PV System: how to ensure safety during normal operation

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HomePhotoVoltaic (PV) installationPV System and Installation RulesPV System: how to ensure safety during normal operation

Two particular characteristics of PV generators are their DC voltage levels and the fact they cannot be shut off as long as PV modules are exposed to the sun. The short-circuit current produced by the PV module is too low to trigger the power supply’s automatic disconnect. The most frequently used protective measures do not therefore apply to PV systems. However, as PV modules are installed outdoors they are exposed to the elements. And since they can be installed on roofs, critical attention should be paid to the risk of fire and the protection of fire fighters and emergency services staff.

Protecting people against electric shock

Paragraph 412.1.1 of IEC 60364-4-41 states:

Double or reinforced insulation is a protective measure in which

  • basic protection is provided by basic insulation, and fault protection is provided by supplementary insulation, or
  • basic and fault protection is provided by reinforced insulation between live parts and accessible parts.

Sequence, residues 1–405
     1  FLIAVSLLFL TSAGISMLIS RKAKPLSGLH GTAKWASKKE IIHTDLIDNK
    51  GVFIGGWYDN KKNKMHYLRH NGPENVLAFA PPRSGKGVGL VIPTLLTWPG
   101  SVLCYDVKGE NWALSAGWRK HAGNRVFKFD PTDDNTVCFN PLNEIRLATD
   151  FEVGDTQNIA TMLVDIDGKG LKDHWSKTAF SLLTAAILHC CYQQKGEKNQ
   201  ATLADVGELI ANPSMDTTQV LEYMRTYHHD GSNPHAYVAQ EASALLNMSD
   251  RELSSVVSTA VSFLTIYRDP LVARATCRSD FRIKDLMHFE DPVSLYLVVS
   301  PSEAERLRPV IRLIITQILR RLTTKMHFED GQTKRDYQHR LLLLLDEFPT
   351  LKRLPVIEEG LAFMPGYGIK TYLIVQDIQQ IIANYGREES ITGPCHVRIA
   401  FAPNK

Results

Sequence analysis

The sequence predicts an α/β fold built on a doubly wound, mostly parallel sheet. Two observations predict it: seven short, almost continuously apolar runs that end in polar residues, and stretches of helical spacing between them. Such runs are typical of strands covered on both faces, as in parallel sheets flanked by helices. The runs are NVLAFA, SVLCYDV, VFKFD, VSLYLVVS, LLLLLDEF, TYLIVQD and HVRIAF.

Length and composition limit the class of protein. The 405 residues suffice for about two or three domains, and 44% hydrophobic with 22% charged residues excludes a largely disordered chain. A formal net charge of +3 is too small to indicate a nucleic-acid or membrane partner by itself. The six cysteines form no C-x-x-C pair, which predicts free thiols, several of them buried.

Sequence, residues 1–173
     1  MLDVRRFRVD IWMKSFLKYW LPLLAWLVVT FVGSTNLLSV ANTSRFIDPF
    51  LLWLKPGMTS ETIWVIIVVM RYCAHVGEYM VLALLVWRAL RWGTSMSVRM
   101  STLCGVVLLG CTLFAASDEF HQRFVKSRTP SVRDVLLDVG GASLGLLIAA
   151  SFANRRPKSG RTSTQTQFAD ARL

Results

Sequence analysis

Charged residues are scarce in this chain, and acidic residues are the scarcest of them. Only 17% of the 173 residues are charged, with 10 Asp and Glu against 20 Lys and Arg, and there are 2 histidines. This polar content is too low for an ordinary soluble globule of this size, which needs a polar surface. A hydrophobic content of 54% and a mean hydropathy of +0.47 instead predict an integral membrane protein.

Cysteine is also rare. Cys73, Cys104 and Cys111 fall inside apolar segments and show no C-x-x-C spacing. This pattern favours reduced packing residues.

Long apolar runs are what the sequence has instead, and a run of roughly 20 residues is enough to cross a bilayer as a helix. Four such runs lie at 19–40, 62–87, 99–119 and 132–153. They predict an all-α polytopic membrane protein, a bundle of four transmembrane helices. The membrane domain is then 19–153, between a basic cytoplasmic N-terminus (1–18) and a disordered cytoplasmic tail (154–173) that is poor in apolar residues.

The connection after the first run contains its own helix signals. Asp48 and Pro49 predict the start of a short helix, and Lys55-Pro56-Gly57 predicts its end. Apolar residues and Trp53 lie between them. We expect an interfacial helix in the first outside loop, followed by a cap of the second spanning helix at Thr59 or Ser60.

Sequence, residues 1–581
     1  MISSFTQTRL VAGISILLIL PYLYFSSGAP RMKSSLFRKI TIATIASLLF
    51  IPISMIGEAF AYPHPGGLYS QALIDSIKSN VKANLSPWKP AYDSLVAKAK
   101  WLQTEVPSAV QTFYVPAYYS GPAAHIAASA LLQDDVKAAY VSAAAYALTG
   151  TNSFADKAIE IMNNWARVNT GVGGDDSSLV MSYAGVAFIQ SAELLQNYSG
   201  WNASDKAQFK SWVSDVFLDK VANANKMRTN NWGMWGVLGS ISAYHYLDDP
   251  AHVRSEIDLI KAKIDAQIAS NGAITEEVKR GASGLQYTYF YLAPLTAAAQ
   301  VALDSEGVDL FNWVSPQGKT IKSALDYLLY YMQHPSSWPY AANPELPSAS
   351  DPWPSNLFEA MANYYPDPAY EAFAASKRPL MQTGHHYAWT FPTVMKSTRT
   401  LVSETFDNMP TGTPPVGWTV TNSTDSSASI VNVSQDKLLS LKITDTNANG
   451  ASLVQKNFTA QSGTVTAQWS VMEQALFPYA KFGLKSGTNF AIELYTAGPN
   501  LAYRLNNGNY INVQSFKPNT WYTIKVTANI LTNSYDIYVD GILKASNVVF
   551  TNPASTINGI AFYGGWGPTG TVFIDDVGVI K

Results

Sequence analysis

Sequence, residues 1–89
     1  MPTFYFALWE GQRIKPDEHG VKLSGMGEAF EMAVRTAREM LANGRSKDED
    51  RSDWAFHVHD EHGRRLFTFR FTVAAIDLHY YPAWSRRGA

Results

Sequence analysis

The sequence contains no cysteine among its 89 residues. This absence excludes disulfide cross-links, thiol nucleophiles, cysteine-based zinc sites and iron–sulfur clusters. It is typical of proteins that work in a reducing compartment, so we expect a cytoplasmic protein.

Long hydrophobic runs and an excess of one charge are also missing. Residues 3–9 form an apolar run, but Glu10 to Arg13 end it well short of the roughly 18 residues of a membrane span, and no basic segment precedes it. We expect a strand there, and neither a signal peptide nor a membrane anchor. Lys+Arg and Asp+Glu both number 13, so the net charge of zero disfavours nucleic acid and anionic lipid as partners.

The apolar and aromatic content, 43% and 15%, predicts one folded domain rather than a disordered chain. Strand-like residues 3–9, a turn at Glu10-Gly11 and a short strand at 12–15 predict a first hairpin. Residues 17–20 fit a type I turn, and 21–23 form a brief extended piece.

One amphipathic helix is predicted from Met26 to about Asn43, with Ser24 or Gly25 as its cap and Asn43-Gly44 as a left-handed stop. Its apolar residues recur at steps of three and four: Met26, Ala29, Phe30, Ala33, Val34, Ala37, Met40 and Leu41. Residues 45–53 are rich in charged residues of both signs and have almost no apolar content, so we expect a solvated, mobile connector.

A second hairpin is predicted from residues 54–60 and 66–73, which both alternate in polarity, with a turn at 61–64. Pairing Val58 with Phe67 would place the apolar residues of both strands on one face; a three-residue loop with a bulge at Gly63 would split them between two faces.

NB: This protective measure is intended to prevent the appearance of dangerous voltage on the accessible parts of electrical equipment through a fault in the basic insulation.

IEC 60364-7-712 stipulates that PV systems whose maximum UOC MAX (UOC = Open Circuit Voltage) is higher than 120V DC should use « double or reinforced insulation » as a protection against electric shock.

Switchgear, such as fuses or circuit-breakers on the DC side, do not afford protection against electric shock as there is no automatic disconnect of the power supply.

Overcurrent protection, when used, protects PV cells against reverse current and cables against overload.

Risk of fire: protection against thermal effects

Generally speaking there are three situations that can lead to abnormally high temperatures and the risk of fire in a PV system: insulation fault, a reverse current in a PV module, and overloading cables or equipment.

Insulation fault detection